Ductile iron, sometimes referred to as nodular or spheroidal graphite iron, is a relative newcomer to the field of cast irons. Developed in the 1940's, ductile iron has seen rapid and continued growth as a viable engineering material. With mechanical properties that compete with steels, ductile iron is being used more often as a cost savings tool in fabrication to casting conversion projects.

Chemically, ductile iron is similar to grey iron, with some minor but important exceptions. By treating the molten base metal with magnesium, the excess carbon that comes out of solution during solidification can be forced into a spheroidal shape. This spheroidal formation of graphite is what gives ductile iron it's unique mechanical properties.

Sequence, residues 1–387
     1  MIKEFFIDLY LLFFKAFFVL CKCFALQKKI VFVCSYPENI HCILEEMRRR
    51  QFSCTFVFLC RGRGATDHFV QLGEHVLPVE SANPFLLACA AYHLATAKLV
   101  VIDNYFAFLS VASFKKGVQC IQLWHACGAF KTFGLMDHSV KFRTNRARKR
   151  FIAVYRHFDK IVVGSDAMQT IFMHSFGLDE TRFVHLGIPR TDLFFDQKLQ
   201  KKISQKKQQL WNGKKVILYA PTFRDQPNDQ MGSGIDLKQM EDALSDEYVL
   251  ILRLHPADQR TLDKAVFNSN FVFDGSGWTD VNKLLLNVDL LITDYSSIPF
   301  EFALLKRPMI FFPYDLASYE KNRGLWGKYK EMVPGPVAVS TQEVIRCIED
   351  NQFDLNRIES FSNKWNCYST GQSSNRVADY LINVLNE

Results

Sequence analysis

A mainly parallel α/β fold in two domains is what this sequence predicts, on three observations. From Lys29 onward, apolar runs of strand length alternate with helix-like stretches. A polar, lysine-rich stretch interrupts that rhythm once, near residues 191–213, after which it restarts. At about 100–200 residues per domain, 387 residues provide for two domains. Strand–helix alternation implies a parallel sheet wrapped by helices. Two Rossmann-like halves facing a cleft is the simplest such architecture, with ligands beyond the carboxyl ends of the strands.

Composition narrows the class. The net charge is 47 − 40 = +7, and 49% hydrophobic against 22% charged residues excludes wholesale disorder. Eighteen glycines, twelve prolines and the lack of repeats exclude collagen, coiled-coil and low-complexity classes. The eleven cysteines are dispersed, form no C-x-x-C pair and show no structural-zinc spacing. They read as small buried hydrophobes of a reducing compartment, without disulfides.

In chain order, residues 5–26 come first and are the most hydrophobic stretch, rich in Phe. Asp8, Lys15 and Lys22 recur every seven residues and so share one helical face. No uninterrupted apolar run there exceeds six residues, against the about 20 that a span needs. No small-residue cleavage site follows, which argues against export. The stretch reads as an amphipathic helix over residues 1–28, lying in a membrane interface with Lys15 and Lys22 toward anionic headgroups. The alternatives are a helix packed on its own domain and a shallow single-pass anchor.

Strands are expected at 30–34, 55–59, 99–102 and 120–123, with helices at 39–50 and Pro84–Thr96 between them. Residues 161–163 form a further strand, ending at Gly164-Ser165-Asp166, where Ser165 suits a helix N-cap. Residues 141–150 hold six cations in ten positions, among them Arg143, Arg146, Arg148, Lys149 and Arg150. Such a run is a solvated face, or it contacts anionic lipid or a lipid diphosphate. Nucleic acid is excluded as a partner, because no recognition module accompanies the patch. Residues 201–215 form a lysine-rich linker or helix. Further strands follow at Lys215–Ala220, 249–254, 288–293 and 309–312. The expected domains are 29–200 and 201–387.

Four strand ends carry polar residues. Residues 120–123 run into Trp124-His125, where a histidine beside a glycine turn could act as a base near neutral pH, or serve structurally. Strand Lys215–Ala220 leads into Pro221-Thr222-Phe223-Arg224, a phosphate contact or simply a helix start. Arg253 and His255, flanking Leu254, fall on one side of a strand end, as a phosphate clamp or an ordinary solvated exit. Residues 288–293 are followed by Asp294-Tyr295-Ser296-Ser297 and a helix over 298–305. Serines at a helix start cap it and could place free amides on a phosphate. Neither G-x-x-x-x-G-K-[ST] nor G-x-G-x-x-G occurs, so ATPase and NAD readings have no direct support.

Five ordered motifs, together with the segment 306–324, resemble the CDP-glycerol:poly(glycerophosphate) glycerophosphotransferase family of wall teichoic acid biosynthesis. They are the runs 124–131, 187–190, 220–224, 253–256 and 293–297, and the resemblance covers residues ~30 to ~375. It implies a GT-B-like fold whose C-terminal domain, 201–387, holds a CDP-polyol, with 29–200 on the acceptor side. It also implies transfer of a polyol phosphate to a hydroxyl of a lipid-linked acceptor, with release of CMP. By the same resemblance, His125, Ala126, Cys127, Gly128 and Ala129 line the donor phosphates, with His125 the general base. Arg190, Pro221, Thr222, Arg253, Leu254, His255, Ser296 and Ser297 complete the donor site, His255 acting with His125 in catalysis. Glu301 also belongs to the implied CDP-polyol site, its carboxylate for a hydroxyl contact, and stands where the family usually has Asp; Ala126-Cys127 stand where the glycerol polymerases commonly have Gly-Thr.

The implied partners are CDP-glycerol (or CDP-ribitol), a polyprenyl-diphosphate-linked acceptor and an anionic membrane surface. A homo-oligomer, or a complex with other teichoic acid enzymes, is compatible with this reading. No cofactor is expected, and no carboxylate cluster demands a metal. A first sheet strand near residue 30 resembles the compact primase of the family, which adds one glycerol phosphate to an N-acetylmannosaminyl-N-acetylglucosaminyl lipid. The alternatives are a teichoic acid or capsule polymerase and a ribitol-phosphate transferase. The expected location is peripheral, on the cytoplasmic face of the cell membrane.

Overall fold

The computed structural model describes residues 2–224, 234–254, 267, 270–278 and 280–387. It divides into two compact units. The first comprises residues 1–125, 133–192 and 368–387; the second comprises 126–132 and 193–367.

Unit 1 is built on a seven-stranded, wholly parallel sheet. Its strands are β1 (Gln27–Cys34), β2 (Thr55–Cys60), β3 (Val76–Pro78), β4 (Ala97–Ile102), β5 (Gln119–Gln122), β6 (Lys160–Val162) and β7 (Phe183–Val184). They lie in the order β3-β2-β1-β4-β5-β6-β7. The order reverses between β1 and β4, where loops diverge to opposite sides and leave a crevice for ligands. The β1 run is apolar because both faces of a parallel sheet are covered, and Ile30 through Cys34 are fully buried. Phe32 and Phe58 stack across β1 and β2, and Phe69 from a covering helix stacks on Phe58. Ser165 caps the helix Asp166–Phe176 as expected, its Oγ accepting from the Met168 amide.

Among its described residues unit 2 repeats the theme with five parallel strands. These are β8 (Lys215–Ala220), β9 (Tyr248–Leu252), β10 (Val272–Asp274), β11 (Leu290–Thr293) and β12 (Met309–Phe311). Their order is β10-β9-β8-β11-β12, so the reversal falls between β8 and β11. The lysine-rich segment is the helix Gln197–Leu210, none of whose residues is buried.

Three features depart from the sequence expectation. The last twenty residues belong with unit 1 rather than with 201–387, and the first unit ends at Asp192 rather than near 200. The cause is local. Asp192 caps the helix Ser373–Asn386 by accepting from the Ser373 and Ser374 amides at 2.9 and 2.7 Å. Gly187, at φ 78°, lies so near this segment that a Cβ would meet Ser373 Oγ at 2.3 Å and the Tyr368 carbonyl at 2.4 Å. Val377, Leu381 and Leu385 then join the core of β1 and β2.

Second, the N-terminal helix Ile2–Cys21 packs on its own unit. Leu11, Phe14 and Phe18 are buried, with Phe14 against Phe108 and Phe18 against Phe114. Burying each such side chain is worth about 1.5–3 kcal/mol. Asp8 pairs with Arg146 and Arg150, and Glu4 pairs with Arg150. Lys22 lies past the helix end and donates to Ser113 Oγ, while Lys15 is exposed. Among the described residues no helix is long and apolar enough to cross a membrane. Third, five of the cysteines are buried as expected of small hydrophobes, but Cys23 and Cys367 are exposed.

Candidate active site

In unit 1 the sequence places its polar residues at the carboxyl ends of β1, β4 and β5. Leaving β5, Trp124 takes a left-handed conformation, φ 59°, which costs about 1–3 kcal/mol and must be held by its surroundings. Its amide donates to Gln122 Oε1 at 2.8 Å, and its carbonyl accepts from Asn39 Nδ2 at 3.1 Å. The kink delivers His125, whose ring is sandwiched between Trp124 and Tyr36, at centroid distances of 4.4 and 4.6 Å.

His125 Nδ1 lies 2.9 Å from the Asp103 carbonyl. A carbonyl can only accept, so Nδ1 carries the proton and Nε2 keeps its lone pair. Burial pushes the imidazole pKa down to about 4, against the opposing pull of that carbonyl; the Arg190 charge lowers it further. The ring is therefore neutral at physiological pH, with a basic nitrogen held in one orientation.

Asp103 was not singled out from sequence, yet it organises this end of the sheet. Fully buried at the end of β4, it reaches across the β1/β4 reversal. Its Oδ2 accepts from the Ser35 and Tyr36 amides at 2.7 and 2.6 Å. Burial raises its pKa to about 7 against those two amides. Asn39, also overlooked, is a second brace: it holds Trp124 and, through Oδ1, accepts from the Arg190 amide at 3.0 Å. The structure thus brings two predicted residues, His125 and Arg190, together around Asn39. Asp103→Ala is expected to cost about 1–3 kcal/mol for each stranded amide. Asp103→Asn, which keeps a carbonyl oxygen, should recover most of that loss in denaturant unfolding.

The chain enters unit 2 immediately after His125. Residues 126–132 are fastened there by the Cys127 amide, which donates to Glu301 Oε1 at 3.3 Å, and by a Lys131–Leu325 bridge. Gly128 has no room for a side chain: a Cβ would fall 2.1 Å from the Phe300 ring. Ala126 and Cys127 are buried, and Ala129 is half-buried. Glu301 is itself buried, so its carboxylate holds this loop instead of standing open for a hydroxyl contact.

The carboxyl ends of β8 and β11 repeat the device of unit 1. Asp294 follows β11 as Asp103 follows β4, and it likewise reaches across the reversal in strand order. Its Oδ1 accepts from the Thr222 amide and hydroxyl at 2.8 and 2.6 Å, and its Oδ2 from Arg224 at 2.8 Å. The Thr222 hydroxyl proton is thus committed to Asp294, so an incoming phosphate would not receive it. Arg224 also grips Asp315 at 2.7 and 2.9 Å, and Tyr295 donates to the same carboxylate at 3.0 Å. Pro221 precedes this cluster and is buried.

Smith Foundry produces ductile iron in accordance with American Society of Testing and Materials (ASTM) A536. ASTM A536 covers a general class of ductile irons not specific to any application.

Grades of ASTM A536 Ductile Iron Produced at Smith Foundry


ASTM A536 Grade (SAE) Tensile Strength Yield Strengths Elongation Brinell Hardness
60-40-18 (D4018) 60,000 p.s.i. 40,000 p.s.i. 18 % 187 Max
65-45-12 (D4512) 65,000 p.s.i 45,000 p.s.i 12 % 156-217
80-55-06 (D5506) 80,000 p.s.i. 55,000 p.s.i. 6 % 187-255
100-70-03 (D7003) 100,000 p.s.i 70,000 p.s.i. 3 % 241-302



*Tensile, Yield and Elongation values are minimums required by ASTM A536 for an independantly cast tensile test bar sample. Consult ASTM A536 or Smith Foundry for more information.

Desirable properties Common Applications
Strength comparable to some steels Shaft and drive components
Ductility Valve Bodies
Impact resistance Couplers
Toughness Lift arms and linkages
Low cost alternative to steel castings and fabrications Brackets
  Discs and digger teeth





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Ductile Iron